The Illinois Murder and Violence Against Youth Registration Act requires certain offenders to register their names, addresses, and recent photos into a public database. The state requires formerly incarcerated individuals to register by virtue of their conviction record, among other criteria. Returning citizens face tremendous barriers to job placement and housing upon their release, and the current registry system often serves as a form of perpetual punishment for an already vulnerable population.

Amid growing national concern over issues of surveillance, IMAN leaders catalyzed this campaign recognizing the thousands of individuals in Illinois that this policy adversely affects. Several Green ReEntry program participants and alumni are currently mandated to register, some of them for the rest of their lives. Through engaging the issue at weekly post-prayer breakfast gatherings, organizers began to build local power in the Marquette Park community by centering weekly Grassroots Power Hour gatherings on the impacts of the harsh registry system.

Organizers also traveled to Springfield to push legislators to consider several key amendments bringing fairness to the current policy: allowing registrants who’ve demonstrated exemplary conduct to petition for early removal from the system, offering fee waivers to registrants without any income, and introducing a measurement system to assess the registry’s impact on recidivism and other factors.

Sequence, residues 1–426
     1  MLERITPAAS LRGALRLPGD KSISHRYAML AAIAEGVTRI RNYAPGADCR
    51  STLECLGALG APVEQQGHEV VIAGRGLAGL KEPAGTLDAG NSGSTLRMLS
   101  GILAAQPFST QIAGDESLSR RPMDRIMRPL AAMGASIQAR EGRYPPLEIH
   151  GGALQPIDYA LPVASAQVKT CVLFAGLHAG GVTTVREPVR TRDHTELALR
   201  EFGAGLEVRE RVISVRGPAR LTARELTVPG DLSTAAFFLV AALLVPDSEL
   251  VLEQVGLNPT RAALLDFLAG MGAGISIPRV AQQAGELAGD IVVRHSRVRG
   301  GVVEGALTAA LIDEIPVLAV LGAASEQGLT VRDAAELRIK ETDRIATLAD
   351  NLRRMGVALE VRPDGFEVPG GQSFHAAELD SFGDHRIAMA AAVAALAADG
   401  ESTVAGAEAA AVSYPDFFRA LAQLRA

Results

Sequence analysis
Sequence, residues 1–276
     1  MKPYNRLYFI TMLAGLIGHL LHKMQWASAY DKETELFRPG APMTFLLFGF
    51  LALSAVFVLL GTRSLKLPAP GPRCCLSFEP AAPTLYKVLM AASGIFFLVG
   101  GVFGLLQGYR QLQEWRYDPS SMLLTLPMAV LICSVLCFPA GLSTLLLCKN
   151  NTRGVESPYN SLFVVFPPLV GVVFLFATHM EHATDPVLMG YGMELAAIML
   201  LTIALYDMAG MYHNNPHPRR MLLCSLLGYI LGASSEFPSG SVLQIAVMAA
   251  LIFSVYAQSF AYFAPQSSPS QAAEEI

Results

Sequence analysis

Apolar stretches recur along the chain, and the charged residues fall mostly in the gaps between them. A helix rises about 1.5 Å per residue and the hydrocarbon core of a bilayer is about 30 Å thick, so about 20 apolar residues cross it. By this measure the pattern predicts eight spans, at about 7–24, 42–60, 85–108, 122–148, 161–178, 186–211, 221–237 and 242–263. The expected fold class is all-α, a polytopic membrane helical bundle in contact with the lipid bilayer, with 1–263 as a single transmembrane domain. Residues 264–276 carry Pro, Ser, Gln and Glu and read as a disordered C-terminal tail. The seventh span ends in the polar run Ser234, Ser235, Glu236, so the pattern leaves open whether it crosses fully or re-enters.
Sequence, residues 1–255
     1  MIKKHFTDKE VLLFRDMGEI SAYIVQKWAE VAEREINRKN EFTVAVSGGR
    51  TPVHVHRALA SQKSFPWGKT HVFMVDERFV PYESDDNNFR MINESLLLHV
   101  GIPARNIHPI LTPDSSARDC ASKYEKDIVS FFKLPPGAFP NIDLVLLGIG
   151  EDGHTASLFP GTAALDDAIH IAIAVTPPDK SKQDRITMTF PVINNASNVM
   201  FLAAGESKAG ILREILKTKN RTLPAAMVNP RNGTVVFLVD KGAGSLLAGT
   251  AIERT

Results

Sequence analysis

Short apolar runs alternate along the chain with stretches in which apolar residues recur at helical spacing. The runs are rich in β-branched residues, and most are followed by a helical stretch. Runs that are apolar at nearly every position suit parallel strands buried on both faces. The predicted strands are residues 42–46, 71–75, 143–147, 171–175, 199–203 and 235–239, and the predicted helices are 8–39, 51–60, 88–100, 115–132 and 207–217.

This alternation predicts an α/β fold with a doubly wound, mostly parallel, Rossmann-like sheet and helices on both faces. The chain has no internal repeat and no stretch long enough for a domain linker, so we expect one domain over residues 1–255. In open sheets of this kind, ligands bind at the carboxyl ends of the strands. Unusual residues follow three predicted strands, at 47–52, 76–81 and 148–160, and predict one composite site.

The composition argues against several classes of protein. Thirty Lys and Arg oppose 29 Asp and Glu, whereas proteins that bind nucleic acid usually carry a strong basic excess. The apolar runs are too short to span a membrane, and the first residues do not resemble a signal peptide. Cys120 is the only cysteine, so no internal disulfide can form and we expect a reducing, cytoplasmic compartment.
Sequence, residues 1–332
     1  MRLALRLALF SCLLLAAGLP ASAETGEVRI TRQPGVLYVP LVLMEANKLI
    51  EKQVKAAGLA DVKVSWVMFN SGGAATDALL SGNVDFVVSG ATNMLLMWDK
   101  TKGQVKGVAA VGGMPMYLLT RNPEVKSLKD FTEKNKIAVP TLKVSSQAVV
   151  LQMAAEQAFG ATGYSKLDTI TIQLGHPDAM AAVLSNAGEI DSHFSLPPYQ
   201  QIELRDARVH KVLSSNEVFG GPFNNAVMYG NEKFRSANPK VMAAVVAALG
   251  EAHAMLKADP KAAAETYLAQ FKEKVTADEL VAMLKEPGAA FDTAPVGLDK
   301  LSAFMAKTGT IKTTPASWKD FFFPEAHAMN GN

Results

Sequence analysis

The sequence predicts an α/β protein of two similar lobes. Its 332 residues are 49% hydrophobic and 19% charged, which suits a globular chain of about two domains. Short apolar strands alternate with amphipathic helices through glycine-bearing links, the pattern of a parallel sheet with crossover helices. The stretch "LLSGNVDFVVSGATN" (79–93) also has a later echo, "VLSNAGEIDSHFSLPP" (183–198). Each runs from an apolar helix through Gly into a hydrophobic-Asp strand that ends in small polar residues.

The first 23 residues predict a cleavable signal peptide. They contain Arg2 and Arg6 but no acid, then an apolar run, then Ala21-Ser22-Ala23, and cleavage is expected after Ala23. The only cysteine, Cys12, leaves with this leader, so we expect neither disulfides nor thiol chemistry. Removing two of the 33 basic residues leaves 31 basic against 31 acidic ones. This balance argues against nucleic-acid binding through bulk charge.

Want to get involved in the continued push to remove invisible bars and #FightFearBuildPower? Contact Senior Organizer Shamar Hemphill at shamar@imancentral.org, and be sure to attend Grassroots Power Hour each Wednesday at 5:30 pm.

Meet IMAN’s Health & Wellness Advocates

IMAN leaders Markus Harris and Cedric Smith recently stepped into roles as Health & Wellness Advocates, working full time at the intersection of our community organizing and farmers’ market work. We sat down with both young men, longtime Marquette Park residents, to discuss their experiences on staff.


How did you become Health & Wellness Advocates?

M: We were hired after completing [IMAN community partner] St. Sabina’s Community Youth Employment Program, which was a very impactful experience. We learned how important your character is in the workplace. First impressions matter, it’s cliché but it really does matter. So really beginning to incorporate that knowledge into my outlook and my actions will help me succeed at IMAN, and in my future professional life. In the past, we were both connected to IMAN as leaders, so to be hired through this program just brings things full circle.